I have found that my most effective examples of how not to behave come from myself (in every situation, not just privilege) so I tend to speak with "I" sentences. It is possible to point to others doing social justice work for mitigating privilege as examples of right behaviour, but since actions based on privilege start as an insidious ever running tape in the back of one's head it really needs to start there - with the erroneous thinking pattern, and I cannot point to that in others seeing as how I am not in their head.

I remember very clearly the first time I became aware of my white privilege. Thirty years ago I was unaware of the term privilege so I called it the only term I knew, "racist thinking". I was walking along and a black man was approaching and I pulled my purse closer to my body. I noticed myself do it as I did it and realized why I had done it and I felt like a complete jerk and I felt ashamed. Did the man notice? I feel certain he did. Which doubled my jerk and shame feeling. I hadn't even known that was in me until this happened and after many times telling off my dad when he'd stereotype black people I wondered, "How could I have acted like ... like him? I was appalled.

Being in my 20's I was sure that since I had become aware of my subconscious racist thinking pattern the seed was now gone and I'd never again behave as society told me I should around POC. (I say society told me because news shows, articles, and TV shows portrayed most POC as criminals and if not criminals then exceptions to their race. Thinking of MLK here as portrayed as an exception. People out and about in society fed the racism with their words, too.) What I found was that it was deep in my head and erasure wasn't instant. Erasure meant thinking even more about it as I purposefully changed my thought pattern when it would crop up. Changing the words and phrases that at times felt "planted" there by others and reforming my base beliefs about POC and humanity in general.

It was a long and repetitive process. It required diligence. And honestly, taking that type of moral inventory over an extended period of time made me feel like shit. I had to just live through that part to get to the other side that was mostly purged of instant reactions and thoughts based on my privilege. This type of personal work is hard and talking about it can be even harder, but IME people respond better to hearing it from me about me than if I use another person as an example.

I'm not saying never use other people as an example. I am saying that since privilege actions and reactions start in one's head it is best not to talk to others about what went on inside of a 3rd party's head. In all areas of my life and as part of living as my authentic self it is a requirement for me to do the personal work before telling others to do it. And then I have examples galore without looking outside of me for them.
pjvj
Dec. 10th, 2013 02:23 pm (UTC)
All of that reply above ^^ boils down to I believe that eradicating the effects of privilege in the community as a whole has a first step of teaching people to become self-aware. I start there and use myself as an example of a way to approach that self awareness.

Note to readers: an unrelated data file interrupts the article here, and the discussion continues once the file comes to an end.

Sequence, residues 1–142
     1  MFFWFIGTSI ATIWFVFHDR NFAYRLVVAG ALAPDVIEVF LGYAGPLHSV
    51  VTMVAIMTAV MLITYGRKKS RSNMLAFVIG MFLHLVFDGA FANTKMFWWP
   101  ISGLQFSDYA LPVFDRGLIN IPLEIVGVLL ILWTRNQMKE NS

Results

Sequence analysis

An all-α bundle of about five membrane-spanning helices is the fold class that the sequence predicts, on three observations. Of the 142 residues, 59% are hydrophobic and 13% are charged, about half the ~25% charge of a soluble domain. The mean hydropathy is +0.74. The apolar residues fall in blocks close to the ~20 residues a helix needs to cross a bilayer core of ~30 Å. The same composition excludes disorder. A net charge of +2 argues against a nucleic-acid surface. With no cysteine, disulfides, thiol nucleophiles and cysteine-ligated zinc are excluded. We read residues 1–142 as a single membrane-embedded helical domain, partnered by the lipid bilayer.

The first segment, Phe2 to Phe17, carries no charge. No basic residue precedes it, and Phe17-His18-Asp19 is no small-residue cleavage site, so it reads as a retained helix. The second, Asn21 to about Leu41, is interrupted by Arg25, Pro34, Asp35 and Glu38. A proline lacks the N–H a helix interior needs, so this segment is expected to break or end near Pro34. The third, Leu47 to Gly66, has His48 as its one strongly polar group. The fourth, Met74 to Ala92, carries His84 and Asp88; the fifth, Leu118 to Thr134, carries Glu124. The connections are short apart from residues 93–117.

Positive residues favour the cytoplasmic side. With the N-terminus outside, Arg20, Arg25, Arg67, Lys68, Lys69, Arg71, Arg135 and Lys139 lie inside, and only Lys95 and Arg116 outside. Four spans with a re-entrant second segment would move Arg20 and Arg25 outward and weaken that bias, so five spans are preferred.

Jes Phillips
Dec. 9th, 2013 10:39 pm (UTC)
As to your second paragraph I think POC have pretty clearly emphasized that none of them speaks for their entire subset and to please not ask them asinine questions like
1. "So what do black/hispanic/Asian people think about....?"
2. Is it racist when I....?

It really isn't that sophisticated of a point and shouldn't be that hard to grasp.

Now for your first point, as to whether people with privilege should be praised for merely observing it or working to dismantle it. No, sorry. Some things just fall under the header of "Being a Decent Human Being" and maybe you get a little fist bump for rejoining the cause of social evolution but other than that...just get to work, man.
fjm
Dec. 9th, 2013 10:29 pm (UTC)
Excellent post.

I'm white. I learned long ago that only I am responsible for policing my own behaviour and that I need to be constantly aware that my reactions are a function of a complex matrix of race, class and gender that I cannot pretend I exist separately from.

And to comment on something else below; god forbid I ask for praise for try to create social justice.
netmouse
Dec. 10th, 2013 04:28 am (UTC)
Thanks for this. All very well put.
jamiam
Jan. 11th, 2014 09:30 pm (UTC)
I sometimes wonder what feminism would look like if upper- and middle-class white women stepped aside and let everyone else lead. I have difficulty believing our concerns would really suffer the lack of prioritization we subject everyone else's to.

Although we have met in real life, you and I have gotten acquainted through Facebook, which it seems is where all true friendships go to die.

So far I have lost one Facebook friend because of gay marriage, one because of fat-shaming, two because Israel bombed the crap out of Palestine, and one because France decided to ban Muslim women's right to hijab. And that's after extreme filtering of my Facebook posts. I'm grotesquely filtering myself in order to preserve the peace, and that makes me wonder if those friendships were real or not? They seemed so at the time. And I'm certainly hurt when I think about having lost them.
tommy50702
Nov. 5th, 2014 02:24 pm (UTC)
I just watched a trailer of a movie called Dear White People.